More to the point, the endless flogging of the game 2 Dellavedova/Curry defense stats did, indeed, constitute a reliance on stats. And one that created a very misleading picture of what the likely cause of Curry’s poor shooting was and, more importantly, what would be the likely outcome in future match ups.
In that context, sitting Mozgov for all but nine minutes last night, while Dellavedova played 42 was a mistake. Dellavedova played very badly last night, just as he did in Game 4. He shot 2-9, had a grand total of 2 assists and got absolutely torched on defense. In the previous game, Game 4, when Golden State easily outplayed Cleveland, Mozgov was the Cavs’ best player, scoring 28 points and pulling down 10 rebounds. Over the course of the regular season and the postseason, Mozgov has played well and he gives the Cavs, apart from LeBron, one of their few obvious offensive options. Sitting him last night also helped negate one of the Cavs’ few advantages against Golden State – rebounding. Leaving aside the overuse of the overvalued Dellavedova, the two players off the bench last night who essentially replaced Mozgov’s minutes were James Jones and Mike Miller. Between the two of them, they played 32 minutes and had the following combined line: three points, one rebound, zero assists, one turnover, six fouls, no blocks and one steal.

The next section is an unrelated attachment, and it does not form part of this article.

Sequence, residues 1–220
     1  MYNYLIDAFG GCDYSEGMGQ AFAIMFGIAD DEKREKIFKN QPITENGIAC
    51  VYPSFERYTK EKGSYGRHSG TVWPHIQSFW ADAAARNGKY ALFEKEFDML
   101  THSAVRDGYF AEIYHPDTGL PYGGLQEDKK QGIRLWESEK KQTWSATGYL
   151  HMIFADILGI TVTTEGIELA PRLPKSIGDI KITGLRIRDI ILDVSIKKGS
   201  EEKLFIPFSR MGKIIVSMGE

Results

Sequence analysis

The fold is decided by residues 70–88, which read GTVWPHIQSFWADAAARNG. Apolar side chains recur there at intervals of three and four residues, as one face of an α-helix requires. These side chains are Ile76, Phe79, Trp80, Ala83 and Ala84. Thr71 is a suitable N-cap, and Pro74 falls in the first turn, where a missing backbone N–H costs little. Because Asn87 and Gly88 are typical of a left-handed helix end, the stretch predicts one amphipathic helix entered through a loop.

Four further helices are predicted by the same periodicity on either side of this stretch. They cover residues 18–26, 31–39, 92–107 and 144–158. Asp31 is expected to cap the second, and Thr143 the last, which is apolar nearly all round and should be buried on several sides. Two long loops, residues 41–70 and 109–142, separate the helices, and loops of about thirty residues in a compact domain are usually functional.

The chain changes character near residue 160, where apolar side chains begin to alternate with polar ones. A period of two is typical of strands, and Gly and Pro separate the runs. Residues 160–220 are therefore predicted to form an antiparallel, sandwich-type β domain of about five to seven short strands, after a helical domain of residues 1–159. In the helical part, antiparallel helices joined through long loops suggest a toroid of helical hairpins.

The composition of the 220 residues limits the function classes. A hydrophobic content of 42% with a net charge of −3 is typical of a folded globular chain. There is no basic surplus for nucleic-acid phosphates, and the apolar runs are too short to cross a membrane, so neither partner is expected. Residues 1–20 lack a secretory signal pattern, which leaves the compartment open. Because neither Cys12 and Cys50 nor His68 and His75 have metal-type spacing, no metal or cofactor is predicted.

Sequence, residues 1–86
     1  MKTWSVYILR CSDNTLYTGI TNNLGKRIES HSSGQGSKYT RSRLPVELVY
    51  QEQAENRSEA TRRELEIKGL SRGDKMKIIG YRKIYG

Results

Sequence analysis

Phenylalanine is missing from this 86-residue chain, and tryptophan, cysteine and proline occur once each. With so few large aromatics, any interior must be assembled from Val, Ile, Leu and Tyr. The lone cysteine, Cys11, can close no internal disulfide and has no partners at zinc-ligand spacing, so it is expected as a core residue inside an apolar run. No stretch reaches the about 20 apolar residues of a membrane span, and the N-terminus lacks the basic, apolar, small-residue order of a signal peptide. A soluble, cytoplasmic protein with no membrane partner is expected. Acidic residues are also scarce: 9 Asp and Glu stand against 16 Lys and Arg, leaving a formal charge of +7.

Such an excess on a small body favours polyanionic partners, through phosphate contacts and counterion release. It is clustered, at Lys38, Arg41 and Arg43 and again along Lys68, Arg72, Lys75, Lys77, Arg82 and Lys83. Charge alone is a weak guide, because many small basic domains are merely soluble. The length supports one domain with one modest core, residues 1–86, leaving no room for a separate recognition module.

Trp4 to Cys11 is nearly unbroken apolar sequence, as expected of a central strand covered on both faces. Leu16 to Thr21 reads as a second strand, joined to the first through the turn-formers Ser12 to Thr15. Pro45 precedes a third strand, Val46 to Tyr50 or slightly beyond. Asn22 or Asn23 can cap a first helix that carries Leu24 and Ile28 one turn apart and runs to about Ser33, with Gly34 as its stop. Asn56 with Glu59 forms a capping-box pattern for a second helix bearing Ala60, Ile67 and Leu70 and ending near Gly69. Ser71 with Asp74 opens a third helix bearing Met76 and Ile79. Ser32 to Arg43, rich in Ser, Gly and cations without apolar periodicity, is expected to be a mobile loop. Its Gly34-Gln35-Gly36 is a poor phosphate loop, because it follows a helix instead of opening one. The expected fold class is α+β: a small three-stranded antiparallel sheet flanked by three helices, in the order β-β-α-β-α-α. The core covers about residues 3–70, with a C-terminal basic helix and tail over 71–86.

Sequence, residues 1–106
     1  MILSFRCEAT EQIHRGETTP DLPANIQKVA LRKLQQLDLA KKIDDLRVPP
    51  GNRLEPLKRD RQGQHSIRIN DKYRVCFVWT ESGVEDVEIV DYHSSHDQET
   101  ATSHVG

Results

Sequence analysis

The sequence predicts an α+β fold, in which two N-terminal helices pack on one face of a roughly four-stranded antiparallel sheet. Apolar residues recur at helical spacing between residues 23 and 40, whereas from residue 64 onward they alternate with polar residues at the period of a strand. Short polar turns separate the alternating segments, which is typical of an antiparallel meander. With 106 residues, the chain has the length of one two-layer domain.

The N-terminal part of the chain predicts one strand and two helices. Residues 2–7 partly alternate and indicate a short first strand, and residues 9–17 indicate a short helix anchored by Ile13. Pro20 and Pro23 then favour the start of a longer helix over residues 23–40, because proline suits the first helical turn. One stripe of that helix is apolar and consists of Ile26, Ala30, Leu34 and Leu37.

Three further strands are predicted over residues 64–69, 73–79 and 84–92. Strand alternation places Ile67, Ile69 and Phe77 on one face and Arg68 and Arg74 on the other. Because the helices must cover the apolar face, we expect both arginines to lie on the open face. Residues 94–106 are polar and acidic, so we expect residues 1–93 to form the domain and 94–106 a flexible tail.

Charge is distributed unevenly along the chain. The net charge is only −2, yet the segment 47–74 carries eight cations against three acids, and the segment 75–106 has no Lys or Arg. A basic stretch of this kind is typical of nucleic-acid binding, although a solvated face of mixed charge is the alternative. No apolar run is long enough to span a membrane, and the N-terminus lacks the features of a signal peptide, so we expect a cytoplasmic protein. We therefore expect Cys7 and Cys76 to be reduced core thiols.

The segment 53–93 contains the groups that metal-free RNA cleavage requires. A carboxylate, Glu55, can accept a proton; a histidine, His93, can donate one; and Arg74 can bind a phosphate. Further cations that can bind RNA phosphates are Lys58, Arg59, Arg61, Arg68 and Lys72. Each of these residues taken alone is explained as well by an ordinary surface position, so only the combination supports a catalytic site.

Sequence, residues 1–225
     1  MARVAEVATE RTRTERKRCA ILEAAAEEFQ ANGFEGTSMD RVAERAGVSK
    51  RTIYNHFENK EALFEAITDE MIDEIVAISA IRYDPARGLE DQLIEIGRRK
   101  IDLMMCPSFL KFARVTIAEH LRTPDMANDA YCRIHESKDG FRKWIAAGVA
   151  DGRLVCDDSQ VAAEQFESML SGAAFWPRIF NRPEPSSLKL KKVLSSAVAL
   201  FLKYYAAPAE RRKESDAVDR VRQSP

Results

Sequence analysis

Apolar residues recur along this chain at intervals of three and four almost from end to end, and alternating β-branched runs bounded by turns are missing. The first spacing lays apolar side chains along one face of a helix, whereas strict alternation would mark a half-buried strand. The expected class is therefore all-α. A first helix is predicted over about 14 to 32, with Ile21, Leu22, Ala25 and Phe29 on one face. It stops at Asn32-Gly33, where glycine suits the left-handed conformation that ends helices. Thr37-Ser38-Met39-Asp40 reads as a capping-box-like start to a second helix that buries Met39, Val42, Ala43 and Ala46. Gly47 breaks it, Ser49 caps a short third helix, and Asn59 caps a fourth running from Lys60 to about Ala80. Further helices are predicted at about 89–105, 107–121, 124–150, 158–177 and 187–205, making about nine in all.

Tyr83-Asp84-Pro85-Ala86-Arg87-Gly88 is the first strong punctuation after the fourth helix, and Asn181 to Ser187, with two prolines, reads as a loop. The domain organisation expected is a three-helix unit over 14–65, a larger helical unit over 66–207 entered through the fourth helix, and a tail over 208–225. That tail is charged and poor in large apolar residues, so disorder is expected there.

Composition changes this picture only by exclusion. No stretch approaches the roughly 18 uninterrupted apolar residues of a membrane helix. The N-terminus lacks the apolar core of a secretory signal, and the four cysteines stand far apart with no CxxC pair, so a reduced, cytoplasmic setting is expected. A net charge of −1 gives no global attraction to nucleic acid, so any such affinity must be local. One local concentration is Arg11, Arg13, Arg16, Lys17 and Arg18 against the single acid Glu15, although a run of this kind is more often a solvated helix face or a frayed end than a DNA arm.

David Blatt says he deployed his personnel as he did because he was responding to the circumstances of the game in front of him. I don’t buy it. I think it’s more likely that he confused a notion – “small ball” – with a simple truth about sports: In general, you should play your better players more than you play your less good players. Replacing Bogut’s minutes with those of Shaun Livingston and Andre Iguodala is one thing. Livingston and Iguodala are both very good. Playing Jones, Miller and Delly a combined 74 minutes and Mozgov only nine is a much worse tradeoff.
If Kerr made his move precisely in order to bait Blatt into a poor deployment of his own resources, then maybe Kerr is a coaching genius.